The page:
5 Reasons To Buy Organic That Have Nothing To Do With YOUR Health
While there are many reasons why purchasing organic is a good idea, what usually comes to mind first is that organic foods are better for our bodies and our health. What comes to mind second is that purchasing organic produced food is really expensive.
Unfortunately, what usually gets left out of the organic discussion are the many many non personal health related reasons that make supporting organic companies and local organic producing farms so very important -- and guess what the reason really doesn't have much to do with most of our personal health at all.
5 reasons to buy organic and support local organic producing farms that have nothing to do with your personal health
health of farmers and farming communities
Depending on where you live in the United States you may or may not be living in our nations farm country. But with most American's living in cities and suburbs, most people never come in contact with farmers, let alone commercial farm land. This has caused such a disconnect between our food and where it comes from that we rarely think about the people behind the food we feed ourselves with everyday.
This is a serious problem, because while pesticides may not be good for our bodies, they are dangerous and poisonous to farmers and farming communities. Every year more than 25 million agriculture workers are unintentionally poisoned by pesticides. This is especially common in developing countries, where many of our non-organic produce comes from.  Note that "big-organic" does also use naturally derived pesticides that in significant quantities can also be harmful to workers and the environment, which is why you are always better off choosing to support a company the sources its organically grown products from smaller local farms, or if you can directly from the farm itself.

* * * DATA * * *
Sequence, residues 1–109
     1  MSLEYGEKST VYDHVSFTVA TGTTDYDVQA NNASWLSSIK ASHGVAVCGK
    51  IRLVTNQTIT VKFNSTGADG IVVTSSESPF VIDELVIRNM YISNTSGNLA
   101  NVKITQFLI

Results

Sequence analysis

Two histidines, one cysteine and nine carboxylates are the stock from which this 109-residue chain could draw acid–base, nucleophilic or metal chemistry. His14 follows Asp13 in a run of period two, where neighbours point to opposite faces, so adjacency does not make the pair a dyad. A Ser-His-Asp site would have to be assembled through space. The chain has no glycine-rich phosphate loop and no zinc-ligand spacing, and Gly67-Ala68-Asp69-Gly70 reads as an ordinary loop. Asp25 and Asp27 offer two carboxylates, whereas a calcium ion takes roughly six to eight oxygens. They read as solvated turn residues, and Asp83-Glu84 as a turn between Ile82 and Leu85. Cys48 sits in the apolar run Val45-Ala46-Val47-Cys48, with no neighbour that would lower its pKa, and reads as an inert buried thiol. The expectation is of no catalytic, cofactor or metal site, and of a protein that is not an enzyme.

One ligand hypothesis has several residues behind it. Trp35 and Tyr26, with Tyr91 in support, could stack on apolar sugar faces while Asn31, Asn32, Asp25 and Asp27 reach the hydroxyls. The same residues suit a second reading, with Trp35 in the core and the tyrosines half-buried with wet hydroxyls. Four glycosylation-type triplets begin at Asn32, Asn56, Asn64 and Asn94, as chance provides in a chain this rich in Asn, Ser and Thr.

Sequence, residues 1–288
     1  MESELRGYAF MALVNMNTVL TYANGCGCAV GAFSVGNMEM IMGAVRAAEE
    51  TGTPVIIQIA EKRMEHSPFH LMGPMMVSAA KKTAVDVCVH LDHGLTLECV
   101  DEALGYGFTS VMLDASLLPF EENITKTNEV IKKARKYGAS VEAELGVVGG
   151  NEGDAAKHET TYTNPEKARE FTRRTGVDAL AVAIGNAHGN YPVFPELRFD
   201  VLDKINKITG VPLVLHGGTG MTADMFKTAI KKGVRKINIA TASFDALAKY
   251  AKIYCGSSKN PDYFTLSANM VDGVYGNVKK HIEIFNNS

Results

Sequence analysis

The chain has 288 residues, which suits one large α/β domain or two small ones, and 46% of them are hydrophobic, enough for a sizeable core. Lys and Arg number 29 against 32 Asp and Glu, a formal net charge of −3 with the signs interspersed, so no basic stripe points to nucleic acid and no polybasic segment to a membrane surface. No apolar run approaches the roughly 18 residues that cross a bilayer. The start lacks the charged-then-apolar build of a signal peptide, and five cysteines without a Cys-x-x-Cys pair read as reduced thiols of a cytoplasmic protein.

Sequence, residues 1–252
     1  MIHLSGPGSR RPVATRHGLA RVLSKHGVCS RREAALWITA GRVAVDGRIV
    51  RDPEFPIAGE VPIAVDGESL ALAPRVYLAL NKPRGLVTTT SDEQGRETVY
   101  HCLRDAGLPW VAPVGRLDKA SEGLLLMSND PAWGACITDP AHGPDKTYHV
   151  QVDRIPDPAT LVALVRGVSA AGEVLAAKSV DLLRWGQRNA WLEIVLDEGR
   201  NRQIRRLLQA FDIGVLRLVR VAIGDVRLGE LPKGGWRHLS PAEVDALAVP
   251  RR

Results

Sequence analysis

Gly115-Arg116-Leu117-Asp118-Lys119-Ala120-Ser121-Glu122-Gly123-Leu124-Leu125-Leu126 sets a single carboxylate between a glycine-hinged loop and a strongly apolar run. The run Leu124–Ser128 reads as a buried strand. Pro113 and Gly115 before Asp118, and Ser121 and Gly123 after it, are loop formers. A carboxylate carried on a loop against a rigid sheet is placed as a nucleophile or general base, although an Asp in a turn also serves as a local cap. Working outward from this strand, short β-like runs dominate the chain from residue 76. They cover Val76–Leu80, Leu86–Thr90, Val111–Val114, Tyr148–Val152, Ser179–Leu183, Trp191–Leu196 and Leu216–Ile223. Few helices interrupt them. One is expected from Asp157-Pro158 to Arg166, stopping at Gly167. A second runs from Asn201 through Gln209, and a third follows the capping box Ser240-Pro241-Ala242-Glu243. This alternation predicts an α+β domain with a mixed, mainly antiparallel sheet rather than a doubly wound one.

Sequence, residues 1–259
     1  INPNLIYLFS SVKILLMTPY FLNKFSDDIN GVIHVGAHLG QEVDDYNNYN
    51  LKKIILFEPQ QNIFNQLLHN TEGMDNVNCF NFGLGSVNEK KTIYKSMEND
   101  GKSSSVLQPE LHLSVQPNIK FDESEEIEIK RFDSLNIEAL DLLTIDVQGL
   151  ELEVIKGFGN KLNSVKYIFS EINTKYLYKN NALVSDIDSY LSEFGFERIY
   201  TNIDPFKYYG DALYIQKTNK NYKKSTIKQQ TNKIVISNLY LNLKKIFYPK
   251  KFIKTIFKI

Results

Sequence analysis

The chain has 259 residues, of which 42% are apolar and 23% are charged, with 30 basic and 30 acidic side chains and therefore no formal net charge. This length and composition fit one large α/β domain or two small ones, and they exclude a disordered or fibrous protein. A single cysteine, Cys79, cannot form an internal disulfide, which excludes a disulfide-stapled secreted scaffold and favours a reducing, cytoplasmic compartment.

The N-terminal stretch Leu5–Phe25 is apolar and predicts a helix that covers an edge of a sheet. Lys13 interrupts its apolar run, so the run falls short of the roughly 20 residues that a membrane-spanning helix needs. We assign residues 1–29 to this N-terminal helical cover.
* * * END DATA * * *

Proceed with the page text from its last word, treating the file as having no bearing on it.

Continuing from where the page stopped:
positive for the environment (water, air, soil)
While we may think about pesticides as a substance that coats our food, what we don't typically think about is how much it affects our water, air, and soil quality.
For example, results from the annual surveys of USA pollution trends have found pesticide residues like DDT, and Chlordane in coastal sediments and shellfish, many years after the substances were banned. Additionally, the use of pesticides in mono-culture crops pollutes the top-soil and leeches into the ground water, which eventually makes it's way into our drinking water supply. 
The Food and Agriculture Organization (FAO) has estimated that during the 20th century more than 75% of our plant genetic diversity has been lost. Where have all our heirloom tomatoes gone?!
This lack of biodiversity amongst our produce mostly has to do with commercialized agriculture that is grown in mono-crops. These mono-crops are basically are just giant farms that only farm one type of crop. They due this for efficiency, and monetary profit, with the most common mono-culture "cash" crops here in the USA being soy, wheat, and corn. The issue with these mono-cultures is that because there is no bio-diversity in the farm land they are more susceptible to disease. So in order to thrive they must rely on the use of heavy pesticides, and herbicides.
So what is one of the best ways to support agro-biodiversity? Support local organic farms who are using traditional farming practices to grow a wide variety of plants. Not only will this reduce our exposure to pesticides, it also will result in more varieties of plants, and healthier farm land. [3,4]
reduced carbon footprint
Do you know that your produce is typically shipped 10,000 miles or more just to reach you. Shipping both organic and non-organic produce, and meat long-distances requires an excessive amount of carbon, all just so you can eat your strawberry when you want it...in the middle of December.
This is one place where the organic industry is just as bad as conventional agriculture. The best way to reduce your foods carbon footprint is by purchasing local food that has been grown organically. This way you are supporting your local community, consuming a more nutritious/fresher food, and making a choice that is good for the environment.